|| Checking for direct PDF access through Ovid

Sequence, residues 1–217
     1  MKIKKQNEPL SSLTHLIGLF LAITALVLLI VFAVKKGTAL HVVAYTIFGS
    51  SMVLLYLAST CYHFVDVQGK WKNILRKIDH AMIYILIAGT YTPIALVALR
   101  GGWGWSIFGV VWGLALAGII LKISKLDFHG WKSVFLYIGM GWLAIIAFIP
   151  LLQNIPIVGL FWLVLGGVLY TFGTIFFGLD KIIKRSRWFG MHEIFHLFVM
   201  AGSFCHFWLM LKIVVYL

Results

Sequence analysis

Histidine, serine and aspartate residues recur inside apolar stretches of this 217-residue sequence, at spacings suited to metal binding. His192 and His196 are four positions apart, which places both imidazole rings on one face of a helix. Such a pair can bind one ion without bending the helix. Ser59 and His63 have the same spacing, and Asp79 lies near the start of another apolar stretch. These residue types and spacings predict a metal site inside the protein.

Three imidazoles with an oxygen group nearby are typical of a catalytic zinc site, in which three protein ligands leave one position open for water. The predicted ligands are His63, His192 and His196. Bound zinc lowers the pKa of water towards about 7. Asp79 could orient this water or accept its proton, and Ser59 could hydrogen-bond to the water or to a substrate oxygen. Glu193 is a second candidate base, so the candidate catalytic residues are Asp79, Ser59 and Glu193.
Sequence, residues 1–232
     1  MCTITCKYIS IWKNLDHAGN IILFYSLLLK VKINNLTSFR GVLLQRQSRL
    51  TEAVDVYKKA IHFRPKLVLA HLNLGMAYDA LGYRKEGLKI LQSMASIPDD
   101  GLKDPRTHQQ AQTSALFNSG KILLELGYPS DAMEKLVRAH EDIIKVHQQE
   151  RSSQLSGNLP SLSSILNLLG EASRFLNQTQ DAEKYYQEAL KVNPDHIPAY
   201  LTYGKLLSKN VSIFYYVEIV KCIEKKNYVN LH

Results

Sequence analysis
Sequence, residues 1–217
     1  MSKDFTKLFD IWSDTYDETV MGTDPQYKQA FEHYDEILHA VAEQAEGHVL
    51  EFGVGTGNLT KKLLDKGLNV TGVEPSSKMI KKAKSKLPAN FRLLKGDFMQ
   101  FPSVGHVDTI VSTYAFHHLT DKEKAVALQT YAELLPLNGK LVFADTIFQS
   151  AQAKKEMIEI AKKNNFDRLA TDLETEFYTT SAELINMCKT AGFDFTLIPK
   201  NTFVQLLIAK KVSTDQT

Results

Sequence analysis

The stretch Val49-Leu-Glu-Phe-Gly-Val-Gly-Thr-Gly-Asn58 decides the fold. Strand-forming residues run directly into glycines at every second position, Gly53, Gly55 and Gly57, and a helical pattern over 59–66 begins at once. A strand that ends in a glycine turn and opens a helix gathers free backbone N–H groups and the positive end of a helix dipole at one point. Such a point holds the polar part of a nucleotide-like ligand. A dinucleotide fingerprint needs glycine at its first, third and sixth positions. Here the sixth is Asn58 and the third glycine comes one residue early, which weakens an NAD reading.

This study tested the hypothesis that early extracorporeal membrane oxygenator offered additional benefits in improving 30-day outcomes in patients with acute ST-segment elevation myocardial infarction complicated with profound cardiogenic shock undergoing primary percutaneous coronary intervention.Between May 1993 and July 2002, 920 patients with acute ST-segment elevation myocardial infarction underwent primary percutaneous coronary intervention. Of these patients, 12.5% (115) with cardiogenic shock were enrolled in this study (group 1). Between August 2002 and December 2009, 1650 patients with acute ST-segment elevation myocardial infarction underwent primary percutaneous coronary intervention. Of these patients, 13.3% (219) complicated with cardiogenic shock were enrolled (group 2).The incidence of profound shock (defined as systolic blood pressure remaining ≤75 mm Hg after intra-aortic balloon pump and inotropic agent supports) was similar in both groups (21.7% vs. 21.0%, p > .5). Extracorporeal membrane oxygenator support, which was available only for patients in group 2, was performed in the catheterization room. The results demonstrated that final thrombolysis in myocardial infarction grade 3 flow in infarct-related artery was similar between the two groups (p = .678). However, total 30-day mortality and the mortality of patients with profound shock were lower in group 2 than in group 1 (all p < .04). Additionally, the hospital survival time was remarkably longer in patients in group 2 than in patients in group 1 (p = .0005). Furthermore, multivariate analysis demonstrated that unsuccessful reperfusion, presence of advanced congestive heart failure, profound shock, and age were independent predictors of 30-day mortality (all p < .02).Early extracorporeal membrane oxygenator-assisted primary percutaneous coronary intervention improved 30-day outcomes in patients with ST-segment elevation myocardial infarction with complicated with profound cardiogenic shock.